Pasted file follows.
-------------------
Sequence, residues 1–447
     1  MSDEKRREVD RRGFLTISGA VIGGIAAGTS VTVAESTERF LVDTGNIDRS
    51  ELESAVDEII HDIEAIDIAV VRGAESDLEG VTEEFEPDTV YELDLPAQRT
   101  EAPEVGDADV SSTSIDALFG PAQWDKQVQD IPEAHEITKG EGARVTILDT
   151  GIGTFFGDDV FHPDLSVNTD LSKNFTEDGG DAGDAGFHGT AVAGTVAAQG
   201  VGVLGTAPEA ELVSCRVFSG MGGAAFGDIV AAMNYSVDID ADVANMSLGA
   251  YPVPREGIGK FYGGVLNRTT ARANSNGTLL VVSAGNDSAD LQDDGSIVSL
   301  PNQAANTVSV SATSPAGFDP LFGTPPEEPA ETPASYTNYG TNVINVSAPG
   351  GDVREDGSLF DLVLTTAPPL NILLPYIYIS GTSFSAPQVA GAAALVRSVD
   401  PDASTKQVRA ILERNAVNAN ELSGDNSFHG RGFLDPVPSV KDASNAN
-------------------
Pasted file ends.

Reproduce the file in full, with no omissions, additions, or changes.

Sequence, residues 1–447
     1  MSDEKRREVD RRGFLTISGA VIGGIAAGTS VTVAESTERF LVDTGNIDRS
    51  ELESAVDEII HDIEAIDIAV VRGAESDLEG VTEEFEPDTV YELDLPAQRT
   101  EAPEVGDADV SSTSIDALFG PAQWDKQVQD IPEAHEITKG EGARVTILDT
   151  GIGTFFGDDV FHPDLSVNTD LSKNFTEDGG DAGDAGFHGT AVAGTVAAQG
   201  VGVLGTAPEA ELVSCRVFSG MGGAAFGDIV AAMNYSVDID ADVANMSLGA
   251  YPVPREGIGK FYGGVLNRTT ARANSNGTLL VVSAGNDSAD LQDDGSIVSL
   301  PNQAANTVSV SATSPAGFDP LFGTPPEEPA ETPASYTNYG TNVINVSAPG
   351  GDVREDGSLF DLVLTTAPPL NILLPYIYIS GTSFSAPQVA GAAALVRSVD
   401  PDASTKQVRA ILERNAVNAN ELSGDNSFHG RGFLDPVPSV KDASNAN